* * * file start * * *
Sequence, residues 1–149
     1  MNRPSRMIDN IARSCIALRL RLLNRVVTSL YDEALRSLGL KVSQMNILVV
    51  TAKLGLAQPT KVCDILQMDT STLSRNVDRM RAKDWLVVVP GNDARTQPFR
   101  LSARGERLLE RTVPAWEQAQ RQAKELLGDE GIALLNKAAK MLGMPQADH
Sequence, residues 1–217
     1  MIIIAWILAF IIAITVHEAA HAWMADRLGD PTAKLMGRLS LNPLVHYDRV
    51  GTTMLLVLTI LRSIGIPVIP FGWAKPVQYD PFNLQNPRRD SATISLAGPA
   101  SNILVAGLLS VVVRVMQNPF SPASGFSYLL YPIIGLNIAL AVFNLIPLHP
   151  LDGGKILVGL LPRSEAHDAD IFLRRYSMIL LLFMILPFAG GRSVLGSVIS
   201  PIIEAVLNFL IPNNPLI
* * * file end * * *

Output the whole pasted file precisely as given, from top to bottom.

Sequence, residues 1–149
     1  MNRPSRMIDN IARSCIALRL RLLNRVVTSL YDEALRSLGL KVSQMNILVV
    51  TAKLGLAQPT KVCDILQMDT STLSRNVDRM RAKDWLVVVP GNDARTQPFR
   101  LSARGERLLE RTVPAWEQAQ RQAKELLGDE GIALLNKAAK MLGMPQADH
Sequence, residues 1–217
     1  MIIIAWILAF IIAITVHEAA HAWMADRLGD PTAKLMGRLS LNPLVHYDRV
    51  GTTMLLVLTI LRSIGIPVIP FGWAKPVQYD PFNLQNPRRD SATISLAGPA
   101  SNILVAGLLS VVVRVMQNPF SPASGFSYLL YPIIGLNIAL AVFNLIPLHP
   151  LDGGKILVGL LPRSEAHDAD IFLRRYSMIL LLFMILPFAG GRSVLGSVIS
   201  PIIEAVLNFL IPNNPLI